using "none" if you want a bridge without any interfaces or  you
              want  to add them later using brctl, or a list of the interfaces
              you want to add separated by spaces, for example:
              bridge_ports eth0 eth4
              You should not put any lines to configure  the  interfaces  that
              will  be used by the bridge, as this will be setup automatically
              by the scripts when bringing the bridge up.

              If you need to specify the interfaces more flexibly, you can use
              the following syntax (most useful on a Xen dom0):
              bridge_ports regex (eth|vif).*
              This  means  to  evaluate  (as in egrep(1)) the expressions that
              follow after "regex" until either the end or a "noregex"  state-
              ment  is reached.  The regular expressions are evaluated against
              all local interfaces and those that match are added.

              Specifying "all" is short for "regex eth.* noregex" and will get
              all the ethX interfaces added to the bridge.

              Carrying this to the extremes, the following is valid syntax:
              bridge_ports all regex if.0 noregex ext0 regex vif.*
              This will add all ethX interfaces, the ifX0 interfaces, the ext0
              interface and all vifX interfaces.

       bridge_ageing time
              set ageing time, default is 300, can have a fractional part.

       bridge_bridgeprio priority
              set bridge priority, priority is between 0 and 65535, default is
              32768,  affects  bridge  id,  lowest priority bridge will be the

       bridge_fd time
              set bridge forward delay to time seconds,  default  is  15,  can
              have a fractional part.

       bridge_gcint time
              set  garbage  collection interval to time seconds, default is 4,
              can have a fractional part.

       bridge_hello time
              set hello time to time seconds, default is 2, can have  a  frac-
              tional part.

       bridge_hw MAC address
              set the Ethernet MAC address of all the bridge interfaces to the
              specified one so that the bridge ends up  having  this  hardware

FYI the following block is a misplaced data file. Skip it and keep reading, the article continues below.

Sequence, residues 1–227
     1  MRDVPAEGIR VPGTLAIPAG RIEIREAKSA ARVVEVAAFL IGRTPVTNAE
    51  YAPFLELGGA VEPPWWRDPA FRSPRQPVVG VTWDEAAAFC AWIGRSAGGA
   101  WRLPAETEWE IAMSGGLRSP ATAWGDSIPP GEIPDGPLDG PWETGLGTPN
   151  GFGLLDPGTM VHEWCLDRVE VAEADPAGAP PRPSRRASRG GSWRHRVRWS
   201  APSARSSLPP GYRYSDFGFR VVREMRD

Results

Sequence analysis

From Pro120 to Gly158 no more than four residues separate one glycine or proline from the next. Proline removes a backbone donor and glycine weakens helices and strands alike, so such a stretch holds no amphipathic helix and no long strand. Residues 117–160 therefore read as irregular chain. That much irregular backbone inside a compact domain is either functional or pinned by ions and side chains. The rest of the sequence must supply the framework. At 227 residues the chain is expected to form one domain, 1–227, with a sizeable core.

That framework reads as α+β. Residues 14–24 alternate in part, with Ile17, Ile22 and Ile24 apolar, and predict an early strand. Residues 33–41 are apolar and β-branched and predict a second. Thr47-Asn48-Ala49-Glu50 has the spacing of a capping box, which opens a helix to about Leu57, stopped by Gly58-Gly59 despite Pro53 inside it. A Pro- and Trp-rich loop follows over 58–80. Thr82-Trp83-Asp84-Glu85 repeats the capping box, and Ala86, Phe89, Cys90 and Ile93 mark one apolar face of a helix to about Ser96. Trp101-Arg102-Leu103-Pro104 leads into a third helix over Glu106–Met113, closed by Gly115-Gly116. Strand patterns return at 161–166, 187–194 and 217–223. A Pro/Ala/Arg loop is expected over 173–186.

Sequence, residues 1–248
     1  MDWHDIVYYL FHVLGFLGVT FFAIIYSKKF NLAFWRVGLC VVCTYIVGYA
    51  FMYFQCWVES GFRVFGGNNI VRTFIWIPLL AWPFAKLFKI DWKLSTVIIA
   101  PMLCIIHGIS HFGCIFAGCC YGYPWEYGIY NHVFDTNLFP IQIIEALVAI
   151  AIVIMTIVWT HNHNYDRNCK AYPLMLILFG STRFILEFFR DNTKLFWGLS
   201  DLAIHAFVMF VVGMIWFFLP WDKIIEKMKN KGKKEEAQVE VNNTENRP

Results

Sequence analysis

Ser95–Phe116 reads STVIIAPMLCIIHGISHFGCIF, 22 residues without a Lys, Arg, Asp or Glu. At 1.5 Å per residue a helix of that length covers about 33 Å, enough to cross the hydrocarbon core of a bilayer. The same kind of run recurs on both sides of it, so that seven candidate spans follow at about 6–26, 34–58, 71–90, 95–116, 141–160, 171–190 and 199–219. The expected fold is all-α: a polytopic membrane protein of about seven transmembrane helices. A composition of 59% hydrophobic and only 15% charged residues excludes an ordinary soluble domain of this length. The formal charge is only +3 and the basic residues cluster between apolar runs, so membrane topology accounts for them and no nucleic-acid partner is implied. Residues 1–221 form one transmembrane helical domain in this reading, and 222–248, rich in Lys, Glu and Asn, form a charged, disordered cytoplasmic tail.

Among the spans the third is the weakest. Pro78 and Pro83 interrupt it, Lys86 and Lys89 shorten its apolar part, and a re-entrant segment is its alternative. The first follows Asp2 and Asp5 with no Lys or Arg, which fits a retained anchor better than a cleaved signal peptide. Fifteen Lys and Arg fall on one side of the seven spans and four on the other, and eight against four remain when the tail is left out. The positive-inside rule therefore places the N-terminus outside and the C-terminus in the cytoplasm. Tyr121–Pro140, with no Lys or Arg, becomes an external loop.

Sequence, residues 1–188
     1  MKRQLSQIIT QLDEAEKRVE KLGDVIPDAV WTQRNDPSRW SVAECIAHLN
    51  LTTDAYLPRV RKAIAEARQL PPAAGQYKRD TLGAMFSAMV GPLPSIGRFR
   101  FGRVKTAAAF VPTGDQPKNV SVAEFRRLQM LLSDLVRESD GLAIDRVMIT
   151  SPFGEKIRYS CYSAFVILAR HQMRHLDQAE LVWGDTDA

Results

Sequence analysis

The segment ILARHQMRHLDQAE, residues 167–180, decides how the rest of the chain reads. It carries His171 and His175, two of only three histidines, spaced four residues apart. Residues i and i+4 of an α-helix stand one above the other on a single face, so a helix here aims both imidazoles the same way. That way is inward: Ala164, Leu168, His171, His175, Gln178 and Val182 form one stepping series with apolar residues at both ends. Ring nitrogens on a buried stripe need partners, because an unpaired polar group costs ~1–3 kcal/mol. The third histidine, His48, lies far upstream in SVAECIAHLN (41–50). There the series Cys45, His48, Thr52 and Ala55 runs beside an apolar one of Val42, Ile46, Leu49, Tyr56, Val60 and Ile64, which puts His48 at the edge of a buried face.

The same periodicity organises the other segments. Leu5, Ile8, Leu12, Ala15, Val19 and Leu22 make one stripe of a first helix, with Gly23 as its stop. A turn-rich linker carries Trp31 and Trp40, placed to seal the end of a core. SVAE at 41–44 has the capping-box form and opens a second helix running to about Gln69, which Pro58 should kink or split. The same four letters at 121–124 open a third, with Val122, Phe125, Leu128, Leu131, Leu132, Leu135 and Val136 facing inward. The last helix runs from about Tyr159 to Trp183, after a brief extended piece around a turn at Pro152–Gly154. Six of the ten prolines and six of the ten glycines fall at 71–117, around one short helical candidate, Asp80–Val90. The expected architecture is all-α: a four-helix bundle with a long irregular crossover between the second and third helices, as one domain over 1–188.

address as well. WARNING: use this only if you know what you are
              doing, changing the MAC address of the cards may  cause  trouble
              if  you  don't  know  what  you are doing. To see the discussion
              about this feature and the problems that can cause you  can  try
              to  have  a look at the bug that asked for this feature visiting

       bridge_maxage time
              set max message age to time seconds, default is 20, can  have  a
              fractional part.

       bridge_maxwait time
              forces  to  time seconds the maximum time that the Debian bridge
              setup scripts will wait for the bridge ports to get to the  for-
              warding  status, doesn't allow factional part. If it is equal to
              0 then no waiting is done.

       bridge_pathcost port cost
              set path cost for a port, default is 100, port is  the  name  of
              the interface to which this setting applies.

       bridge_portprio port priority
              set  port priority, default is 128, affects port id, port is the
              name of the interface to which this setting applies.

       bridge_stp state
              turn spanning tree protocol on/off, state values are on  or  yes
              to  turn  stp  on and any other thing to set it off, default has
              changed to off for security reasons in latest  kernels,  so  you
              should  specify  if you want stp on or off with this option, and
              not rely on your kernel's default behaviour.

       bridge_waitport time [ports]
              wait for a max of time seconds for the specified ports to become
              available,  if  no  ports  are specified then those specified on
              bridge_ports will be used here. Specifying no ports here  should
              not  be  used if we are using regex or "all" on bridge_ports, as
              it wouldn't work.

              definitions of network interfaces  See  interfaces(5)  for  more

              The  default  values  shown  here  are current values as of this
              writing, but as they are not related to this package but to  the
              bridge code itself, can change anytime.

       This manpage was written by Santiago Garcia Mantinan <mantyATdebian.org>
       based on interfaces(5).

       brctl(8), interfaces(5), ifup(8), iwconfig(8), run-parts(8).

bridge-utils                    January 13 2008     BRIDGE-UTILS-INTERFACES(5)